As flattened tubular film stock 12 was passed from supply roller 11, over idler roll 20 and into the nip formed by counter-rotating roller 13 and 14, the flattened tubular film stock 12,was supported by ridge members 17 on film support roller 14, as film 12 was being punctured by penetrating members 15. As the individual penetrating members 15 passed through the nip, sponge 16, surrounding the penetrating members 15, was compressed by ridges 17 on support roller 14, whereby more than one-sixteenth inch of penetrating member 15 was exposed to allow for complete penetration thereof through the flattened tubular stock 12. As the penetrating member 15 passed through the flattened tubular stock 12, the penetrating member protruded into groove 18 intermediate ridges 17 on film support roller- 14 whereby the point of the penetrating member 15 did not contact any part of the surface of film support roller 14 during the perforating process.

During penetration of members 15 through film layers 12, the resilient sponge material 16 surrounding penetrating members 15 firmly holds film layers 12 under transverse tension to allow eflicient perforation of the film layers. Longitudinal tensioning of the film is achieved by maintaining sufficient tension on film 12 through regulation of the rate of film supply from roller 1 l and perforated film take-up on roller 19.

It was found that when attempts were made to perforate thermoplastic film or multiple layers thereof without employing resilient covering 16 on roller 13, film 12 had an undesirable tendency to sag into grooves 18 thereby making efficient film penetration by members 15 impossible.

When employing the perforating method of the present invention utilizing commercially acceptable film throughput rates on the order of from about 25 ft./min. to about 500 ft./min., as a result of the film tensioning during the perforation operation, the relatively dull penetrating members 15 produce uniformly round holes or perforations in the film layers. Since the individual penetrating members 15 do not progressively rupture the film layers, discs of film material corresponding in size to the size of the perforation or hole made in the film are cut out from the film layers during the perforating operation. Such a process differs from,

for example, the prior art techniques utilizing heated penetrating members to effect penetration of film layers and as previously discussed, resulted in undesirable welding together of the individual film layers. Additionally, the method of the present invention is superior to, for example, the employment of cold sharp needle members to perforate the film since, in addition to the absence of proper film tensioning as taught by the present invention, in such a process the sharp pointed penetrating members do not result in the production of uniformly round perforations in the film, but rather leave a jagged remnant of film around the non-uniform periphery of such perforations which makes this type of perforated material more susceptible to rupturing and tearing when forces are applied thereto, such as impact forces which may be encountered when such film materials are subjected to normal handling or when such film materials are employed as overwrap materials or fabricated into bag structures.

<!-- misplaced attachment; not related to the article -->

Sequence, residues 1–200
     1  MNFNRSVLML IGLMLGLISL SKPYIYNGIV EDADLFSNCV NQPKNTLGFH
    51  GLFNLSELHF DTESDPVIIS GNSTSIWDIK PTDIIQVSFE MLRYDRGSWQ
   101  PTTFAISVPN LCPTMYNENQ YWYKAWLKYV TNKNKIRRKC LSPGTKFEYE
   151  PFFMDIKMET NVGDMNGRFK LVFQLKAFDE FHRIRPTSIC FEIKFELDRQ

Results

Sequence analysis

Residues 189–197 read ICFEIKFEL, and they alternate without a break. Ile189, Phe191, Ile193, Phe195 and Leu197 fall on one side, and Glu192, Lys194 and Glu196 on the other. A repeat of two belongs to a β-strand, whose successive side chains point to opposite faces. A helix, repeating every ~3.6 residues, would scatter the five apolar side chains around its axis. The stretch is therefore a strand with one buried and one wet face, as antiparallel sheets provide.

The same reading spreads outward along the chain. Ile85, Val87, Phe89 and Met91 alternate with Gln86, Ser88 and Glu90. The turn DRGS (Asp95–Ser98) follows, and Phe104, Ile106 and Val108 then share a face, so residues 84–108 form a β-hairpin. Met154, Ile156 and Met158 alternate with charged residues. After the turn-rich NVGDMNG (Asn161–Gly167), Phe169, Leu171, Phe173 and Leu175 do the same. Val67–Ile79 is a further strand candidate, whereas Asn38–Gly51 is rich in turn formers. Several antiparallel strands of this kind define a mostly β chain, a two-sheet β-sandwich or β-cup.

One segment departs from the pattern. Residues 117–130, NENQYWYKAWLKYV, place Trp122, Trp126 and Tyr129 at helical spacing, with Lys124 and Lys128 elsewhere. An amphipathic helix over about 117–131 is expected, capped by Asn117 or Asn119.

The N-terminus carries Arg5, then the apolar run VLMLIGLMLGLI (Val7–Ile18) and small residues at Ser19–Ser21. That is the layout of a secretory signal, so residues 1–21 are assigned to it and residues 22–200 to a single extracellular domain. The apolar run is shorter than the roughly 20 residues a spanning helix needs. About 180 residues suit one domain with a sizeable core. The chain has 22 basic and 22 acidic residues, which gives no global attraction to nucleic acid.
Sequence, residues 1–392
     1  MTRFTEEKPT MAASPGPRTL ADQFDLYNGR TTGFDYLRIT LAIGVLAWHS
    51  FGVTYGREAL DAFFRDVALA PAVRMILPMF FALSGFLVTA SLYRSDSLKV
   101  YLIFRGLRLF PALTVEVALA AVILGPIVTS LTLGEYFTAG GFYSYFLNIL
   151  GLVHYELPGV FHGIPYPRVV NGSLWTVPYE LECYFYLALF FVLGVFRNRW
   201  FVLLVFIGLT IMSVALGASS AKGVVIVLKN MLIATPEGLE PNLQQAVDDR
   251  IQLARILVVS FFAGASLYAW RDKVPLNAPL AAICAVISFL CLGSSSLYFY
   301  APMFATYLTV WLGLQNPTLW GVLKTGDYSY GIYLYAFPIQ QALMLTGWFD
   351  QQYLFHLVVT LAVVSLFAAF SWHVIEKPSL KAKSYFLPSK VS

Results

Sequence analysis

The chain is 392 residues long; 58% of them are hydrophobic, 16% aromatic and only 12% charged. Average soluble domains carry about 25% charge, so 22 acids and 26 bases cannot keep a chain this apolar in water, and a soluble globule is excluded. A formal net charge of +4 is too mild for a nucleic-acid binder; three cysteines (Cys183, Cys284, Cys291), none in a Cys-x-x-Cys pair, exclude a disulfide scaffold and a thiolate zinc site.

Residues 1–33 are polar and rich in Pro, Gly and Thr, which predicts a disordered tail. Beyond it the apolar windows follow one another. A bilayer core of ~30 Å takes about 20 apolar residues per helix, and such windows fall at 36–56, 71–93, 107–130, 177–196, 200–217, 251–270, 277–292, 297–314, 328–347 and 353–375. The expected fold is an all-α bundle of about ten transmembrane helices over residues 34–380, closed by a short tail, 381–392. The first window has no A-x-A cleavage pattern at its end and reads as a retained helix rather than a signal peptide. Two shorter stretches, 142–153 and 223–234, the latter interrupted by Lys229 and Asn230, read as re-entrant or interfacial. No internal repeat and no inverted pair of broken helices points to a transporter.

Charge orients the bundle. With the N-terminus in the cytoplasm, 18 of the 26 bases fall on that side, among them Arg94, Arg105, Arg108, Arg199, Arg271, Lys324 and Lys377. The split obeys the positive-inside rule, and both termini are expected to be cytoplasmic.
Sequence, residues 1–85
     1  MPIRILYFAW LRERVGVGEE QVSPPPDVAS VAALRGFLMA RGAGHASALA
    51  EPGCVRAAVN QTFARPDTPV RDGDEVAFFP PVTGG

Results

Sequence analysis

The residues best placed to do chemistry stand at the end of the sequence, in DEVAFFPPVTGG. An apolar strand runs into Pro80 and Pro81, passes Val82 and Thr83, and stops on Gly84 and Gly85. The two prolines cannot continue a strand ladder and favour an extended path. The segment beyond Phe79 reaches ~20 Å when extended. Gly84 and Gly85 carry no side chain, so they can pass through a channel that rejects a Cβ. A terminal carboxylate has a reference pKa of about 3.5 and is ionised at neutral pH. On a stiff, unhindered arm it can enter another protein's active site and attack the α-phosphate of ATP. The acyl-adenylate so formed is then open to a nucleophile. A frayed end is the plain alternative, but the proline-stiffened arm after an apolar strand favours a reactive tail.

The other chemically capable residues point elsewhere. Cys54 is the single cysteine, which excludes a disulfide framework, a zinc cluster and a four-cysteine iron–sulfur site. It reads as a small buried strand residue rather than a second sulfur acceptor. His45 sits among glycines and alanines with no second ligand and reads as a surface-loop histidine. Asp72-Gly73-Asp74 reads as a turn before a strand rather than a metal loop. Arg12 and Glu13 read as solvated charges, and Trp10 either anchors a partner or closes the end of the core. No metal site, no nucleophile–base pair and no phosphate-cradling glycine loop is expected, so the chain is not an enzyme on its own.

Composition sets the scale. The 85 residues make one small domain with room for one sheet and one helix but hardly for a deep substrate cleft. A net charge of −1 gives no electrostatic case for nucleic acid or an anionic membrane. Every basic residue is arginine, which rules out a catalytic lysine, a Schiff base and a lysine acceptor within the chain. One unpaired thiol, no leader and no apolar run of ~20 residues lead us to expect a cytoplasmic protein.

Although the present invention has been described with preferred embodiments, it is to be understood that modifications and variations may be resorted to, without departing from the spirit and scope of this invention, as those skilled in the art will readily understand. Such variations and modifications are considered to be within the purview and scope of the appended claims.

What is claimed is:

l. A continuous method for the production of perforated film material which comprises continuously advancing a film and (a) contacting one surface of said continually advancing film with a plurality of film penetrating members while simultaneously supporting the opposite surface of said film on a plurality of nonresilient, parallel ridges, said ridges being separated by grooves; (b) puncturing said film by pressure contact thereof with said penetrating members while simultane-

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Referenced by
Citing PatentFiling datePublication dateApplicantTitle
US4020993 *May 20, 1975May 3, 1977New Zealand Inventions Development AuthorityMethod of and means for liquid extraction from gall bladders
US4142663 *Apr 28, 1977Mar 6, 1979Kaiser Steel CorporationApparatus and method for making perforated tube
US4610189 *Jul 11, 1985Sep 9, 1986Moore Business Forms, Inc.Web perforating utilizing a single perf cylinder and dual anvils
US4635316 *Jun 26, 1985Jan 13, 1987Teepak, Inc.Methods and apparatus for perforating food casing film and casing produced thereby
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US5151077 *Jul 31, 1991Sep 29, 1992Ark, Inc.Method and apparatus for perforating material
US5246656 *Jul 20, 1992Sep 21, 1993Progressive Dynamics, Inc.Method for forming air flow control orifice in an inflated blanket
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Classifications
U.S. Classification83/30, 83/660, 426/418, 426/129, 83/14, 83/116, 83/345, 426/419, 426/415, 83/54
International ClassificationB26F1/00, B26F1/24
Cooperative ClassificationB26F1/24
European ClassificationB26F1/24